Tax equity and DROs

Tax equity and DROs

October 01, 2016 | By Keith Martin in Washington, DC

Tax equity transactions in which the investor agrees to a deficit restoration obligation may need a fresh look.

The Internal Revenue Service said in early October that it has concerns about “whether and to what extent it is appropriate to recognize DROs.”

A deficit restoration obligation, or DRO, is a promise by a partner to contribute more capital to the partnership at liquidation if the partner has a deficit capital account. Each partner has both a “capital account” and an “outside basis.” These are two ways of tracking what the partner put into the partnership and what it is allowed to take out. When a partner’s capital account hits zero, then any further losses that would be allocated to the partner shift to the other partner.

Almost no tax equity investor has a large enough capital account to absorb the full depreciation on a project. One way to deal with this is for the tax equity investor to agree to contribute more capital when the partnership liquidates to cover any deficit in its capital account.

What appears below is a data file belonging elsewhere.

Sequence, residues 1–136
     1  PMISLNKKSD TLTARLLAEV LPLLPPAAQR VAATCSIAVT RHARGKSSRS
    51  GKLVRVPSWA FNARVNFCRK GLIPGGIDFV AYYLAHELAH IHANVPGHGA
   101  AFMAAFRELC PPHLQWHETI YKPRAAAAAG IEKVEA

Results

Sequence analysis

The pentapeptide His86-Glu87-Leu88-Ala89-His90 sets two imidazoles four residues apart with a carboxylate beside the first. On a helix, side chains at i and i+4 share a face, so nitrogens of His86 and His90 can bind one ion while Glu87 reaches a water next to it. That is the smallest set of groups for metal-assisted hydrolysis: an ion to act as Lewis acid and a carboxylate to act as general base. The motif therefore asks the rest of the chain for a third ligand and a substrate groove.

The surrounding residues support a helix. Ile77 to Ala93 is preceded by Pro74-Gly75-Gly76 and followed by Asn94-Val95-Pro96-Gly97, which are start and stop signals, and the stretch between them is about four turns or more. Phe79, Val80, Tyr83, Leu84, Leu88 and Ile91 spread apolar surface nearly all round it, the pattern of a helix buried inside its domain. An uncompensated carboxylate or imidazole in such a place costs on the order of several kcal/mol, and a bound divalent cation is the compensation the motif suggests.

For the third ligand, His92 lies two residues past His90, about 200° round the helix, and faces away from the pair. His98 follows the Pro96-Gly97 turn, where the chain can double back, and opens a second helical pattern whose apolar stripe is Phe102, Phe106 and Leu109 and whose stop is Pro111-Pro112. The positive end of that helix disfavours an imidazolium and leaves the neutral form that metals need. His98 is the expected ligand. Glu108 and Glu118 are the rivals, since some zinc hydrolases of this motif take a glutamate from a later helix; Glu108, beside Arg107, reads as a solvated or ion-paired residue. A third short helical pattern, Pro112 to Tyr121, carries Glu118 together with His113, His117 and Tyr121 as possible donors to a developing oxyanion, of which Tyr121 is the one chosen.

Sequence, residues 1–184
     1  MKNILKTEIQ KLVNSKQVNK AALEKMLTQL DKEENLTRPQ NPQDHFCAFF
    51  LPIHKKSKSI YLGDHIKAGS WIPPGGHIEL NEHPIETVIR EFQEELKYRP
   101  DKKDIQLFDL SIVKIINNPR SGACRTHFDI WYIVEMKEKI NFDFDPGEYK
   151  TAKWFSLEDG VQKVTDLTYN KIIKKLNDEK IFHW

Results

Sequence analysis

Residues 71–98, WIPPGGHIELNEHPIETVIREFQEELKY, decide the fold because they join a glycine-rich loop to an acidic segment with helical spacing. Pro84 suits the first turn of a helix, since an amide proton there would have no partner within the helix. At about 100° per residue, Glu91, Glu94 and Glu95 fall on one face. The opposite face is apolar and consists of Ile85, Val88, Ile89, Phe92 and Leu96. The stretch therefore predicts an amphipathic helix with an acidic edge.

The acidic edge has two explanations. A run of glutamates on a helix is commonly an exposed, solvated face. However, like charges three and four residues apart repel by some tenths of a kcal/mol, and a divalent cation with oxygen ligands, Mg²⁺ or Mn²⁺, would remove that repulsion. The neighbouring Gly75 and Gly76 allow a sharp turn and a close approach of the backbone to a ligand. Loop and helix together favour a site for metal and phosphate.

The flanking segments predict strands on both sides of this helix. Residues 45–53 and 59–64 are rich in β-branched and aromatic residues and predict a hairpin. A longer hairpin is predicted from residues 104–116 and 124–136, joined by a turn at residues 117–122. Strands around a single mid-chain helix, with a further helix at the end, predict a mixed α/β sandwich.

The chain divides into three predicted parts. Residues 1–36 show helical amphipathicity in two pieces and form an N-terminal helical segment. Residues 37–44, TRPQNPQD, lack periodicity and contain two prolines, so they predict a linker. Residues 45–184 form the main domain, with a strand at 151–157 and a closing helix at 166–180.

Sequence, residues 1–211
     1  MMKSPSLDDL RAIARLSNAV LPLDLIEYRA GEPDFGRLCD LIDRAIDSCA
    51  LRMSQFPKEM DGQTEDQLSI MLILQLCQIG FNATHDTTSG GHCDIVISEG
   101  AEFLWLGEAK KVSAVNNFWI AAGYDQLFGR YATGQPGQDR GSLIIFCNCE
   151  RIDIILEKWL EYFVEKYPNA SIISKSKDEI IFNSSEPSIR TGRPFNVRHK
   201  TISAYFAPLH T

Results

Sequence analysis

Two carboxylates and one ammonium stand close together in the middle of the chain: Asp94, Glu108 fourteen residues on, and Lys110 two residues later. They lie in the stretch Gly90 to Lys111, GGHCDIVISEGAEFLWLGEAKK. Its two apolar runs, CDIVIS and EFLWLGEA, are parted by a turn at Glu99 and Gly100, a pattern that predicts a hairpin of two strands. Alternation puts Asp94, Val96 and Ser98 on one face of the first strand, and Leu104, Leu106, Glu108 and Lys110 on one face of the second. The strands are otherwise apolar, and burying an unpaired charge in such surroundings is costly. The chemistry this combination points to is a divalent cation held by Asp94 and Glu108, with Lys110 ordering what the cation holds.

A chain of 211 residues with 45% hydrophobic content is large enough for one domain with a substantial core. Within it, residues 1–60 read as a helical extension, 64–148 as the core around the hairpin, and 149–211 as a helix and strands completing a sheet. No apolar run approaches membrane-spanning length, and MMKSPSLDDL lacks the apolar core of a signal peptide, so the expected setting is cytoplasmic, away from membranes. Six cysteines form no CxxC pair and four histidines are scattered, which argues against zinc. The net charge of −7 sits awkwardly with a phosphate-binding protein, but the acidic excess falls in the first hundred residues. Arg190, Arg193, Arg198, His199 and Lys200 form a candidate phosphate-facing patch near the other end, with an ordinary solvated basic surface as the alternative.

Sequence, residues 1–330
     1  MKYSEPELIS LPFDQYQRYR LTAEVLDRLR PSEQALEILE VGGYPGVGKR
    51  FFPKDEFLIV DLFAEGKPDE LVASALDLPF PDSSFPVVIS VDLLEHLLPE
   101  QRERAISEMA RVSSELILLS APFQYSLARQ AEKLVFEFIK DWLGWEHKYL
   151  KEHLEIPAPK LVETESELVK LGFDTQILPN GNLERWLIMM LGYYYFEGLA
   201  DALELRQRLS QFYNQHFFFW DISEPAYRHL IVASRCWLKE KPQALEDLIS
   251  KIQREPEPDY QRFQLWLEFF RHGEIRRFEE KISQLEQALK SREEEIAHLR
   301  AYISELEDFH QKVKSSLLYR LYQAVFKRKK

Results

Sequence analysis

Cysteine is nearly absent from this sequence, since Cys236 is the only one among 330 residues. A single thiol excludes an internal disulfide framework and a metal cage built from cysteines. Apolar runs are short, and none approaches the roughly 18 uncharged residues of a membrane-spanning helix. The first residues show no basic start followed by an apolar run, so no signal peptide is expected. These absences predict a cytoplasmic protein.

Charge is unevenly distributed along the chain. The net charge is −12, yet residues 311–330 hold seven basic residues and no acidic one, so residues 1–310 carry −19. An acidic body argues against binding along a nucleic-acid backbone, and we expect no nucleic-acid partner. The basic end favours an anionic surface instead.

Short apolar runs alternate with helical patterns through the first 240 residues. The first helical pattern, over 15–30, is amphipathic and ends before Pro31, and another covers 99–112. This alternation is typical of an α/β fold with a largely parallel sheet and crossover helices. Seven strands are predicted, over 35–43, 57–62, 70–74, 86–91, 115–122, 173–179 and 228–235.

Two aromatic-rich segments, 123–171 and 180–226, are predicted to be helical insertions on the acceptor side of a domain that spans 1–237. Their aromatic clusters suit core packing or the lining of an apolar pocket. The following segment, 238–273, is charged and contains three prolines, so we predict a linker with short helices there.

Many tax equity investors today are agreeing to deficit restoration obligations of up to 40+% of the original investment in order to absorb more of the depreciation on a project.

The IRS said in early October that it is concerned about whether promises to restore deficits are real since the obligation is not triggered unless a partnership liquidates. “[S]ome partnerships are intended to have perpetual life and other partnerships can effectively cease operations but not actually liquidate; therefore, a partner’s DRO may never be satisfied,” the IRS said.

The agency released a list of four factors that it said may be a sign that the DRO is not real. The list is in proposed regulations that will not take effect until they are republished in final form. In the meantime, the IRS is looking for comments. Comments are due by January 3.

Many partners may structure DROs as if the proposed regulations are already in effect.

Factors that suggest that a DRO is not real are the partner giving the DRO is “not subject to commercially reasonable provisions for enforcement and collection of the obligation,” the partner is “not required to provide (either at the time the obligation is made or periodically) commercially reasonable documentation regarding the partner’s financial condition to the partnership,” or the DRO ends or can be terminated before the partnership liquidates or while the partner still has a negative capital account.

The practical effect is to impose a net worth test on the tax equity investor to make sure it can satisfy the DRO.